Impact of perceptual countermeasures on driving behavior at curves using driving simulator
Objective: The probability of crash occurrence on horizontal curves is 1.5 to 4 times higher than that on tangent sections. A majority of these crashes are associated with human errors. Therefore, human behavior in curves needs to be corrected.
Methodology: In this study, 2 different road marking treatments, optical circles and herringbone patterns, were used to influence driver behavior while entering a curve on a 2-lane rural road section. A driving simulator was used to perform the experiment. The simulated road sections are replicas of 2 real road sections in Flanders.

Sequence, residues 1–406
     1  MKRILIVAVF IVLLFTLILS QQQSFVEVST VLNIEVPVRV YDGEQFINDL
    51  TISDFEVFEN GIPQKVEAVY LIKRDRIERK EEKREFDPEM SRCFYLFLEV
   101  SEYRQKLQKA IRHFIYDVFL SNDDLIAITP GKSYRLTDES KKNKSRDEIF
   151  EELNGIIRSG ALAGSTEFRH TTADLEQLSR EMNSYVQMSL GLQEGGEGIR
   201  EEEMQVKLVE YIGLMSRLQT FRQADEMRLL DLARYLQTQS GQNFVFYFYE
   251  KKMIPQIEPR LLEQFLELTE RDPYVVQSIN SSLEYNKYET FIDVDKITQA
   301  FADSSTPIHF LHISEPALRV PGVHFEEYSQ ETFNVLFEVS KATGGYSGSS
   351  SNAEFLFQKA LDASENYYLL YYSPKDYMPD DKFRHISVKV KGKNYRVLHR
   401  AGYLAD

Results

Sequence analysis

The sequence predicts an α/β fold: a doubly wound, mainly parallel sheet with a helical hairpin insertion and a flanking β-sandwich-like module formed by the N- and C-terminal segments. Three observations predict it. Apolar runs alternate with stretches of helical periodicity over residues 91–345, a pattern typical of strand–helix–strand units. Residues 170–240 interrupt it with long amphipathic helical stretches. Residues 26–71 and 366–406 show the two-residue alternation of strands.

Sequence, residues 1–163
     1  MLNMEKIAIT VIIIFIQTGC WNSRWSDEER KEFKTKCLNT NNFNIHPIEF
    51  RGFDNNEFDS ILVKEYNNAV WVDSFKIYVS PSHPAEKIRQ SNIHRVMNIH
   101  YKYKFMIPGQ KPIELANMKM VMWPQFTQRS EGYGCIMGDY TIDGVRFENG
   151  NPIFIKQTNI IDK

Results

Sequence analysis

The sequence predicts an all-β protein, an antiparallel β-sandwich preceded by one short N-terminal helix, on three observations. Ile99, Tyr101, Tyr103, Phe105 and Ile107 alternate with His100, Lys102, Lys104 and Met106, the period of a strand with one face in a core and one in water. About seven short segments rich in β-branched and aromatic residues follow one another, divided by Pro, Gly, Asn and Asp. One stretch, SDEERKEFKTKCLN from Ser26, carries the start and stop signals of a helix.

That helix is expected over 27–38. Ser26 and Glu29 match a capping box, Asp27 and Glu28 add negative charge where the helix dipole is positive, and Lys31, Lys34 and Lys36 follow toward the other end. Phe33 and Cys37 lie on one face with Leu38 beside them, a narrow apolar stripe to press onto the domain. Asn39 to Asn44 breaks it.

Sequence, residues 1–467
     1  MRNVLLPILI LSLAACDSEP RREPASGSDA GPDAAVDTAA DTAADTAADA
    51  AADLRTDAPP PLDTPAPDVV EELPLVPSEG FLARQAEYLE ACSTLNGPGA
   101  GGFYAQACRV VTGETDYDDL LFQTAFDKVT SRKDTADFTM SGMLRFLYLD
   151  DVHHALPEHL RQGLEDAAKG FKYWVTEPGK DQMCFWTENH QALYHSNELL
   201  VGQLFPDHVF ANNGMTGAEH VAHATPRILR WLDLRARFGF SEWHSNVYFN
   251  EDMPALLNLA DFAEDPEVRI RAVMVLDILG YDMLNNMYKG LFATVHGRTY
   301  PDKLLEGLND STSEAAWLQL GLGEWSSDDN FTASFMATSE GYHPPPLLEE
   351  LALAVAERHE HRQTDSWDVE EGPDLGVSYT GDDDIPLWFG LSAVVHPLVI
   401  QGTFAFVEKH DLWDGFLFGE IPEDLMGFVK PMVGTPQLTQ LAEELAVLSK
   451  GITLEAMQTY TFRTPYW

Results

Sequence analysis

Results: Both treatments were found to reduce speed before entering the curve. However, speed reduction was more gradual when optical circles were used. A herringbone pattern had more influence on lateral position than optical circles by forcing drivers to maintain a safe distance from opposing traffic in the adjacent lane.
Conclusion: The study concluded that among other low-cost speed reduction methods, optical circles are effective tools to reduce speed and increase drivers’ attention. Moreover, a herringbone pattern can be used to reduce crashes on curves, mainly for head-on crashes where the main problem is inappropriate lateral position.